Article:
Thousands more Rohingya cross border into Bangladesh

Thousands of Rohingya are continuing to flee violence and persecution in Burma and crossing into Bangladesh, where more than half a million others are already living in squalid and overcrowded camps, according to witnesses and drone footage shot by the UN office for refugees.

The UNHCR video shot Monday shows thousands of Rohingya trudging along a narrow strip of land alongside what appears to a rain-swollen river in the Palong Khali area in southern Bangladesh.

Witnesses said that a new wave of refugees started crossing the border over the weekend.

An Associated Press photographer saw thousands of newcomers near one border crossing Tuesday.

Several said that they were stopped by Bangladeshi border guards and spent the night in muddy rice fields.

Local government administrator Mohammad Mikaruzzman said Tuesday that he heard some 20,000 people have arrived since Sunday, crossing the border on foot or by boat at several points.

[timgcap=A satellite image released by Human Rights Watch shows what they say is the complete destruction of a Rohingya village close to an intact Rakhine village, Maungdaw township in Myanmar.]RohingyaVillagesatellite17Oct2017_large.jpg[timgcap]

According to the UN some 537,000 Rohingya refugees have arrived in Bangladesh since violence erupted there on August 25.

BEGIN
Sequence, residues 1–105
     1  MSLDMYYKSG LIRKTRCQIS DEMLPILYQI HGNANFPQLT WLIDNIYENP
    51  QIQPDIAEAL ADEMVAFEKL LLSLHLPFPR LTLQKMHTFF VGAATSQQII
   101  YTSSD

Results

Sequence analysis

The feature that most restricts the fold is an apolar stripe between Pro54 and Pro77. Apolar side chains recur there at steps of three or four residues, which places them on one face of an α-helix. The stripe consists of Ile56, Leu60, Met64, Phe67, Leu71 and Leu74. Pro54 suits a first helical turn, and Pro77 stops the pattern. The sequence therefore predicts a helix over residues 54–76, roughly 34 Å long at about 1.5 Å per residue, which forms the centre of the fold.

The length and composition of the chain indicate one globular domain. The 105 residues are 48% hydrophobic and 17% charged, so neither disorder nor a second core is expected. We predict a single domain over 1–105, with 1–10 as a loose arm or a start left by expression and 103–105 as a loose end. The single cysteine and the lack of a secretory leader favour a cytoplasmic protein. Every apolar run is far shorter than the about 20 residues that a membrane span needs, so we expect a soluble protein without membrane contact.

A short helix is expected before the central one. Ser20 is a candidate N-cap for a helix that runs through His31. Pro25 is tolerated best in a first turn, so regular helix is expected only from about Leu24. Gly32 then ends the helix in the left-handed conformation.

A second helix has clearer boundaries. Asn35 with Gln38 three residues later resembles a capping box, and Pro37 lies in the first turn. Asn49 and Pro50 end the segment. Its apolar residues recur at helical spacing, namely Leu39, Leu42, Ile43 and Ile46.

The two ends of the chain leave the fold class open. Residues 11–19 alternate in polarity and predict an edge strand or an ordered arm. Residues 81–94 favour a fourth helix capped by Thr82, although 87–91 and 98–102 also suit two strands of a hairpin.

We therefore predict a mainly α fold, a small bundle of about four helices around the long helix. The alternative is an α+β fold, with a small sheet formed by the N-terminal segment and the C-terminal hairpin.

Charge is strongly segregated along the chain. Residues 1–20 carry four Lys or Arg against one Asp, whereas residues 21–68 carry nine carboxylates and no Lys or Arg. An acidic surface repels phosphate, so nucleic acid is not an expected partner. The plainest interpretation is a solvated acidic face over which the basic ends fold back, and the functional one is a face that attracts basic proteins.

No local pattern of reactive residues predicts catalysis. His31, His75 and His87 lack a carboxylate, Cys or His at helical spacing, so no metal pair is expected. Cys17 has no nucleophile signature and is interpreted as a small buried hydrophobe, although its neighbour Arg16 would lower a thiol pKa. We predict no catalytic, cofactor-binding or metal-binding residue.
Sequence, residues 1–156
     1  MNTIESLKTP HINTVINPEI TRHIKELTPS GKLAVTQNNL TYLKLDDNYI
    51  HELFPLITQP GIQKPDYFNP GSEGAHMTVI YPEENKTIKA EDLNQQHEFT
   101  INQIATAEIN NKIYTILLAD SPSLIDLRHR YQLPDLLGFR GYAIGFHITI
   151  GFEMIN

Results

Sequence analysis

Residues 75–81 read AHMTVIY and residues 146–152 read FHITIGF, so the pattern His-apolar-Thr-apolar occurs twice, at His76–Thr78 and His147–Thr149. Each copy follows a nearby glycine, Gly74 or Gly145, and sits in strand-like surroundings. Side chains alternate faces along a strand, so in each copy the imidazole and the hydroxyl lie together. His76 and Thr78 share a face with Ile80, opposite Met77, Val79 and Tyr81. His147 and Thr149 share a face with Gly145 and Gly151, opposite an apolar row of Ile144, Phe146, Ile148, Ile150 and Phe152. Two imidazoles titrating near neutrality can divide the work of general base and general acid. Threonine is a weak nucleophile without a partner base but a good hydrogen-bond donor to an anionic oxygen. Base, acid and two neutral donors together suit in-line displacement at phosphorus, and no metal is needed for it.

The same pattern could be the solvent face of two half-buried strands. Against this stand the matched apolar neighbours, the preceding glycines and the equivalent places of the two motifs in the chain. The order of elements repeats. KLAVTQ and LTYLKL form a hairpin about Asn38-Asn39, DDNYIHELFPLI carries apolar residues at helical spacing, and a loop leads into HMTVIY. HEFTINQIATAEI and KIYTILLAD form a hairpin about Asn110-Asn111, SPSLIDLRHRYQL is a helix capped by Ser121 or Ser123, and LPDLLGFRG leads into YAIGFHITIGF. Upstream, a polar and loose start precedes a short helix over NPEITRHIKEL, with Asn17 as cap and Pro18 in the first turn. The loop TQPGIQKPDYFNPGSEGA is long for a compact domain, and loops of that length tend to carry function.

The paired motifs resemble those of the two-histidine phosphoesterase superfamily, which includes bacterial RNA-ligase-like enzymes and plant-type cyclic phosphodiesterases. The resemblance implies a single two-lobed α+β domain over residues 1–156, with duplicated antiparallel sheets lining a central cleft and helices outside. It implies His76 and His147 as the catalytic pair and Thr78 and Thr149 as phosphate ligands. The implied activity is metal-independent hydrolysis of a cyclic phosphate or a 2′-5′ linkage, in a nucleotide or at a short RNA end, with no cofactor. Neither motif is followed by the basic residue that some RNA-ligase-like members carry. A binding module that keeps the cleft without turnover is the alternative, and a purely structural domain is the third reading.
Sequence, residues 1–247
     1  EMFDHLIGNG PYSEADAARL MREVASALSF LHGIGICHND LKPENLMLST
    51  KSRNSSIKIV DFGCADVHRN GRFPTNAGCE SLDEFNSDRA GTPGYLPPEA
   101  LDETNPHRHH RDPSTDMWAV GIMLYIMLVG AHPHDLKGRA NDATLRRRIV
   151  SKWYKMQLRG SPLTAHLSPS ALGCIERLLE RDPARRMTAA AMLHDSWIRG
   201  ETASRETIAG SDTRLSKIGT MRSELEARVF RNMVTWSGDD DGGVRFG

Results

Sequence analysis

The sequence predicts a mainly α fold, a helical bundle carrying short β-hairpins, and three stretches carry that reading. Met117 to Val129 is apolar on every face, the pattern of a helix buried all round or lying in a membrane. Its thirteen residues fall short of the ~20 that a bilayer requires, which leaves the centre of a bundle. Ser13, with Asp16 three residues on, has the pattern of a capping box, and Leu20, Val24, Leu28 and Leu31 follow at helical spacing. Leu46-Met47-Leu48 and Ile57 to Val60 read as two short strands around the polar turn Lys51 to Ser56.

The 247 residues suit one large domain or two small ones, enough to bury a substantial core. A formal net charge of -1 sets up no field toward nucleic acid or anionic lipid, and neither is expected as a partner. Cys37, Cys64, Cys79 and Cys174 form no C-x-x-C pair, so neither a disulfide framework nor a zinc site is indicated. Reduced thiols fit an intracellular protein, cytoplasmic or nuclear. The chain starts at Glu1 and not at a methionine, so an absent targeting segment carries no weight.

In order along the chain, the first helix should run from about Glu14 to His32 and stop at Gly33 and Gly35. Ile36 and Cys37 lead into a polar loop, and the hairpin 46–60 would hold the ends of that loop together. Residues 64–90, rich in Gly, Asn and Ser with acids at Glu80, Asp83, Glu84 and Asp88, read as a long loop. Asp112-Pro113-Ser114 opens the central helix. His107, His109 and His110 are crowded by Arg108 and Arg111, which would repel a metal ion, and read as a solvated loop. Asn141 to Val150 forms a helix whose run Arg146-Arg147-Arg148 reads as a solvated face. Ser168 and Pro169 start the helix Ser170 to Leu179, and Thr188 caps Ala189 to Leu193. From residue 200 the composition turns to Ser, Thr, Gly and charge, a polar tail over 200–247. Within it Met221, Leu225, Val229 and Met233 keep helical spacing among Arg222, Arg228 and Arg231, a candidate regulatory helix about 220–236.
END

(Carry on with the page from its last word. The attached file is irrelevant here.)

The exodus has continued, with a few small breaks, over the last eight weeks.

The new arrivals, almost all terrified and starving, have described scenes of incredible violence, with army troops and mobs of Buddhist locals attacking Rohingya homes.

The UN has described the violence in Burma's Rakhine state as "textbook ethnic cleansing".

More recent refugees have also said the Rohingya were being starved in a bid to make them leave.

A woman who spoke to The Associated Press on Tuesday after her arrival said they had had no food to eat.

"We came here two nights ago with lot of difficulties. It took us eight days to reach here," said Anjuma, who gave just one name.

Several refugees said Bangladesh border guards were not letting them move toward the refugee camps and they were forced to spend a night out in the open in pelting rain.

AP


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